The home on Niagara Peninsula is located close to the lake, but is surrounded by trees so lacks the draw of a water aspect.
"The challenge was to design a new home with a view of Lake Erie for a client who did not want to pay the cost of a lakeside property," said Ottawa-based Kariouk Associates.
"Hence, the site he acquired was a very long and narrow lot across the road from other homes and 2,000 feet away from the shore of the lake."
Local planning laws stipulated that new buildings could be no higher than two storeys, however nothing in the codes said that an upper floor had to be contiguous to the lower level.
Therefore the architects' solution was to create a periscope-like master suite with enough height to broach the treetops, angled to provide a panoramic vista from a glazed front wall and balcony.
Another requirement of the property was to attract a partner for the client.
It is named A Bower House after Bowerbirds, a species known for its unusual courting rituals – the males build elaborate structures to attract mates.
"The project was required to serve as a lure for a mate – a love nest as it were, perched in the treetop – complete with two bedrooms for two yet non-existent/future hatchlings," said the firm, which has also designed a house in Quebec with a patterned facade of concrete bricks.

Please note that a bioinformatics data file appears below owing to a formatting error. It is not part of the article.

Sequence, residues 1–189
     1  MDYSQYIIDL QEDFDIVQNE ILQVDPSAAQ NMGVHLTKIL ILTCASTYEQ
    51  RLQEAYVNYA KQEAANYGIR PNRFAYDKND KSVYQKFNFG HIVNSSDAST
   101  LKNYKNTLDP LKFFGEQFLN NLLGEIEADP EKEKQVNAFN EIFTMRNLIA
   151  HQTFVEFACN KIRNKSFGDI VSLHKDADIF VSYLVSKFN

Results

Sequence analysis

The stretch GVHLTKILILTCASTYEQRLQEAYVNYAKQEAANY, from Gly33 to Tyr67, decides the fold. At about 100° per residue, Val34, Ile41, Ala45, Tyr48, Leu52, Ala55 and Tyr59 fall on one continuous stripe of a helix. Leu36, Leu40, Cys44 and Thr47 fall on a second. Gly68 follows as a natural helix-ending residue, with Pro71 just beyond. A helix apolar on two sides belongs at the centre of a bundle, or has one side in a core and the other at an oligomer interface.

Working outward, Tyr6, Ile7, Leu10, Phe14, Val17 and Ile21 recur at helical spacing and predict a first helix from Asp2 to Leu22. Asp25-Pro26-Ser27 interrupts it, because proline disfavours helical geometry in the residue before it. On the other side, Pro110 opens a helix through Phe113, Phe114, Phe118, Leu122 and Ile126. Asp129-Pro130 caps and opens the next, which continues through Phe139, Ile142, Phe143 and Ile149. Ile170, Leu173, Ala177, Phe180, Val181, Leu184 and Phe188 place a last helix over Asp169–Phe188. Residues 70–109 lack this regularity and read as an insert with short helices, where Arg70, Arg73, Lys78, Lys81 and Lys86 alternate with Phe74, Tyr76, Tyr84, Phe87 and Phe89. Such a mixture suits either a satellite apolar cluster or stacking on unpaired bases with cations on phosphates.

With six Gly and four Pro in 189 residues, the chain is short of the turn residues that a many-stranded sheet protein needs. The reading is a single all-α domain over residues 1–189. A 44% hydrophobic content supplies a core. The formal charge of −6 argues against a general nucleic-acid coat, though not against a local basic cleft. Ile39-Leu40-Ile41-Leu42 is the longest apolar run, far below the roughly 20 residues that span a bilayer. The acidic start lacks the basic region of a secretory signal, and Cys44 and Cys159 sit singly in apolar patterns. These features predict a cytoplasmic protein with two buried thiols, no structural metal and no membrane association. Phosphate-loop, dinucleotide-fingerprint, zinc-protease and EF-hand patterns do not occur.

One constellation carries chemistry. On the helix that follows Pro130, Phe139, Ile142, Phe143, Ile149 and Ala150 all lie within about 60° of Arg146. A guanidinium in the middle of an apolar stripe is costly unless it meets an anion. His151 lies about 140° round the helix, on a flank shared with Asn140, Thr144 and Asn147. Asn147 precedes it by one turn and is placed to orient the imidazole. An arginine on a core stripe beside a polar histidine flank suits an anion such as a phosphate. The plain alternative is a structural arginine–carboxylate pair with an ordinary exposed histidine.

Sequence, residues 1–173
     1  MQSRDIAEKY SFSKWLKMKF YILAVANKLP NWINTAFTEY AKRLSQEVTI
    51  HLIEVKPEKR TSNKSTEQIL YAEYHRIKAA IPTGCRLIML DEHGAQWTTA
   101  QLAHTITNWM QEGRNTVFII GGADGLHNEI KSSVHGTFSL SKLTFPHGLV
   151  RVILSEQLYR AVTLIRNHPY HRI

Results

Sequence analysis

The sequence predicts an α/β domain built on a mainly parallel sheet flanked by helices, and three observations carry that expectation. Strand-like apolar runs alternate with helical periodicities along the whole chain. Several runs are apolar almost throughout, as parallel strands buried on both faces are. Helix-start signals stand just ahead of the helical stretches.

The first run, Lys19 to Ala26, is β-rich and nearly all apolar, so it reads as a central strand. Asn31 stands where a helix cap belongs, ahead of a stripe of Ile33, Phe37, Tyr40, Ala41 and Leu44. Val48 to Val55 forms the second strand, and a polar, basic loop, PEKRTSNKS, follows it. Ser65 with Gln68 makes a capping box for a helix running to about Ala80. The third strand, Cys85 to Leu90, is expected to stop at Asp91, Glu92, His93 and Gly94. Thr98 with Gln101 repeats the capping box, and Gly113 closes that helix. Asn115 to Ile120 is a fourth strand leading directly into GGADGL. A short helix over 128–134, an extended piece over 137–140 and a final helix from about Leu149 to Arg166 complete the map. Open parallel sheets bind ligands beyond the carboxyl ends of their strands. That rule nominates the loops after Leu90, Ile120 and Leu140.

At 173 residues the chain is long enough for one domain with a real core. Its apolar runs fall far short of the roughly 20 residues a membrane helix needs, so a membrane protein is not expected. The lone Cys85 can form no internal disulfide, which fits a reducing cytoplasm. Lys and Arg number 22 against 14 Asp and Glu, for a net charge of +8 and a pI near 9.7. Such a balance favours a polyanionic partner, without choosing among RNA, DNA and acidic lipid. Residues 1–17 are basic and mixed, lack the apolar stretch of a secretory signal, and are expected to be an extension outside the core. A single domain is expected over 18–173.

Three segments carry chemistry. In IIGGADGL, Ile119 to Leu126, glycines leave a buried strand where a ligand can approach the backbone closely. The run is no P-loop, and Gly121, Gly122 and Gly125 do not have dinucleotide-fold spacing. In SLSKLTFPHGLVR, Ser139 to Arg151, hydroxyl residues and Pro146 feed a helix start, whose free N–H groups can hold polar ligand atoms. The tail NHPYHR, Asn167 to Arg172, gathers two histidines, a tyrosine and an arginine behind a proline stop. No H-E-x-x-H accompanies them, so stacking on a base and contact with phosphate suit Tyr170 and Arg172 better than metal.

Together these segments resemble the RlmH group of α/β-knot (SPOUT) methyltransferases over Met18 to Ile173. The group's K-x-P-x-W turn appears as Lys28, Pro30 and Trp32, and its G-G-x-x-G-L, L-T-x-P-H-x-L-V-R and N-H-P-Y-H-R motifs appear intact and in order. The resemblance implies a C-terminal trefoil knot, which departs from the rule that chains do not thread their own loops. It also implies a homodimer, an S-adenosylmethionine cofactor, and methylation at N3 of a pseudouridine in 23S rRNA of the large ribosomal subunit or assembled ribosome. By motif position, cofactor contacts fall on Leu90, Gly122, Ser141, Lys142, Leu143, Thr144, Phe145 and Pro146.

"As such, this love nest aimed to both woo and wow a mate, while also demonstrating proper family-planning and money-management skills."
The main volume of the house is long and thin, and divided into two halves. At the front is a garage and pool room, while the back portion contains an open-plan living and kitchen area, as well as the two extra bedrooms.
A small entrance hallway with a WC and cloakroom connects the two sections, and also leads to the angled stairwell.
The interior is very minimal, and majority of the surfaces are white. Black accents can be found in the kitchen as cabinet fronts and countertops, and the staircase is also dark.
Stripes of black and grey boards clad the exterior, hiding a timber frame used to build the lower floor, and the steel truss that forms the stair tower and upper level.
The project was deemed a success, as the client got married two weeks after these photographs were taken. Local planning laws have also been rewritten since the building completed.
Photography is by Photolux Studio/Christian Lalonde.
Principal: Paul duBellet Kariouk
Designer: Chris Davis
Design associates: Sarah McMurtry, Adam Paquette, David King, Dimitar Mehandjiev